Then suddenly the Mole felt a great Awe fall upon him, an awe that turned his muscles to water, bowed his head, and rooted his feet to the ground. It was no panic terror -- indeed he felt wonderfully at peace and happy -- but it was an awe that smote and held him and, without seeing, he knew it could only mean that some august Presence was very, very near. With difficulty he turned to look for his friend and saw him at his side cowed, stricken, and trembling violently. And still there was utter silence in the populous bird-haunted branches around them; and still the light grew and grew.
Perhaps he would never have dared to raise his eyes, but that, though the piping was now hushed, the call and the summons seemed still dominant and imperious. He might not refuse, were Death himself waiting to strike him instantly, once he had looked with mortal eye on things rightly kept hidden. Trembling he obeyed, and raised his humble head; and then, in that utter clearness of the imminent dawn, while Nature, flushed with fulness of incredible colour, seemed to hold her breath for the event, he looked in the very eyes of the Friend and Helper.
~Kenneth Grahame, The Wind in the Willows
On our way to hear the City Choir of Washington's Spring concert, we were discussing Arvo Pärt, whose 1984 "Te Deum" was on the program. Kari had listened to a recording and then, on her own, also found the heartbreaking "Spiegel im Spiegel" that drew me to Pärt's music years ago. We agreed that it was intensely emotional, personal and stirring, in direct contrast to dry descriptions of Pärt's compositional method.
He calls it "tintinnabuli," from the Latin for "bell," and it consists very simply of melodic lines moving in full steps against arpeggiated chords. Maestro Shafer, speaking before the performance, called Pärt a "holy minimalist," which sounds pretty boring. Peter Phillips explains, "When a bell is struck, one hears the central note, usually called the fundamental or struck note, which is encased in harmonics. It's a kind of chord cluster around the key note. This is where Pärt's close-note harmony comes from."
Interesting, but none of this touches what I feel when I hear Pärt's mysterious, eerie and compelling works. So we were delighted to find that the emotional reaction is what he was trying to invoke! Shafer said Pärt wanted to eliminate the intellectual and open up a prayerful dialogue with God in which we listen with our hearts open to answers beyond rational knowledge. According to the program notes, Pärt likened his "Te Deum" to "the serenity of a mountain panorama, and his setting has something of this calm yet formidable scene in its sound palette and construction." Kari and I are both goofy about mountains. We knew we were in the right place.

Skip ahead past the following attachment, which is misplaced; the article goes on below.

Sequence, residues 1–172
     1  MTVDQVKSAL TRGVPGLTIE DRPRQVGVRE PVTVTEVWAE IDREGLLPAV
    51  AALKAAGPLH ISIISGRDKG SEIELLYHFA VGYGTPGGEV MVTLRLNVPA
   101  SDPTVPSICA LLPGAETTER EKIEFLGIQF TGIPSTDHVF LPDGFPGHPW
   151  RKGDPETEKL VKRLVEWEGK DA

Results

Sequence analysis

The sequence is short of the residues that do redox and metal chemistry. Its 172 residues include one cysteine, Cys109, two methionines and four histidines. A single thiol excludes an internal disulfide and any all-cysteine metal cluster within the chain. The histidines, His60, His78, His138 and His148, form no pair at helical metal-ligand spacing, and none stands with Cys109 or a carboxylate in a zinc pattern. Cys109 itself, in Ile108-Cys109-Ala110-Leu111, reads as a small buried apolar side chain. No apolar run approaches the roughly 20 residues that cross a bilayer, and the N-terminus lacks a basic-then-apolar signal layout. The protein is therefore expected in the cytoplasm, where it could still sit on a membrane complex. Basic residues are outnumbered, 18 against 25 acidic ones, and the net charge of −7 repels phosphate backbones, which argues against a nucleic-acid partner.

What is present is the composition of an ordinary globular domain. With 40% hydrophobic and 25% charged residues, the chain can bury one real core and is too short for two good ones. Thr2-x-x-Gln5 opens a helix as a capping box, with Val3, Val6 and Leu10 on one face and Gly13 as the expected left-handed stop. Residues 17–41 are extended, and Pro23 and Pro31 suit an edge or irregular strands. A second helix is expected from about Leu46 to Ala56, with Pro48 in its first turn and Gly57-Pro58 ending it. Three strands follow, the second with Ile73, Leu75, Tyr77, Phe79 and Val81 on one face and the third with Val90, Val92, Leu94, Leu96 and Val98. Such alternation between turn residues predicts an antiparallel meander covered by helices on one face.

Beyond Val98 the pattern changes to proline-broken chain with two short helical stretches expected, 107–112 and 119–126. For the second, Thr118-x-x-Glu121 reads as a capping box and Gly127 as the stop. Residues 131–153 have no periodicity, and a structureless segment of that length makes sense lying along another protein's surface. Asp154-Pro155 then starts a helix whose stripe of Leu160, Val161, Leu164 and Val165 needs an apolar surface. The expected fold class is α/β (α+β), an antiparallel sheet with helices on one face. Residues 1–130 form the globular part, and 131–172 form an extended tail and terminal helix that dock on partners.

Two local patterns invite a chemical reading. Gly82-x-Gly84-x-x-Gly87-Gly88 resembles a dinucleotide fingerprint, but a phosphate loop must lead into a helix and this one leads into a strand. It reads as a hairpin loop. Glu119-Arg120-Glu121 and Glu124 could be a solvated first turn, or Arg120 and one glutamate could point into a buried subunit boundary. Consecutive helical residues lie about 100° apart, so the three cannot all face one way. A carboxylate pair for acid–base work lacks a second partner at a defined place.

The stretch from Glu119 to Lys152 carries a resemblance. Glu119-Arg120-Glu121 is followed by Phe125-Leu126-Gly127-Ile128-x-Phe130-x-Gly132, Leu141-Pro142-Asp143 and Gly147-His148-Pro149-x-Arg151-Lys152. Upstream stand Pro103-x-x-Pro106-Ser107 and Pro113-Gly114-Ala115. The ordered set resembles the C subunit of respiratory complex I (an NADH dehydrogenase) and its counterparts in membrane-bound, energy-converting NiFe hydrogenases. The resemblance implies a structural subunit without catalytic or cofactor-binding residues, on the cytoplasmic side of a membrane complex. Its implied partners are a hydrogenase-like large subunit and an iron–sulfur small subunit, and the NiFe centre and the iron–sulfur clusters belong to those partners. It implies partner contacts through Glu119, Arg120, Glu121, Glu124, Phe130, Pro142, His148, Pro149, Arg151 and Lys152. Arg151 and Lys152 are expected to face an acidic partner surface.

It was only my second performance of the City Choir, and I'm still dumbfounded by the level of musicianship they bring. The killer crisp K attacks on "Kyrie," which immediately died out to near soundlessness. The swelling men's voices which are always stirring. The dropped jaws of the singers; the careful enunciations; the sound like a single, communal exhalation, a prism that reunites all the separate strands of color. And always the agile left hand of Shafer, coaxing and nuancing, while his baton sketches intricate patterns.
The first half of the concert was Mozart's "Coronation Mass." Mozart is Mozart: stately with a side order of fizz, bubbling up into giddiness and finishing with a mellow geniality. You know what you're going to get, and despite some misgivings from the choir that they were inadequately prepared, they delivered. I loved the Mozart. I loved the soprano and tenor soloists and was sad that I couldn't hear the mezzo and the baritone better; Wolfgang gave the showoffy stuff to the high voices. Later I discovered that the soprano was also featured in my previous City Choir experience. I guess she's my personal soprano soloist, and I wonder how I could ever have done anything good enough to deserve her.
But it was the Pärt that I really wanted to hear, live, from a choir that could hold those tight harmonies and deliver the drama confidently and worshipfully.
How do you describe a mountain panorama? My colleague Sara used to mock my obsession with mountains. Yeah, yeah, she knew, she'd seen pictures. Very nice. Then a few years ago she had a close encounter with mountains and returned, contrite. "You're right," she admitted. "Now I get it." I never really thought I needed to explain mountains, just as I didn't really think Shafer needed to explain Pärt. How could anyone not feel it, this august Presence, this expanse and majesty and Otherness?
Shafer had warned us to listen as carefully to the silences as to the sounds, and he held us rapt at the end of the piece, arms lifted but hands closed, the musicians silent, for what seemed a very long time. It was effective in its tension. The piece doesn't end with a crashing cadence demanding applause and Bravos; it ripples into the distance and, like the wind in the willows, we know it will return, changed and renewed.
And still there was utter silence in the populous bird-haunted branches around them; and still the light grew and grew.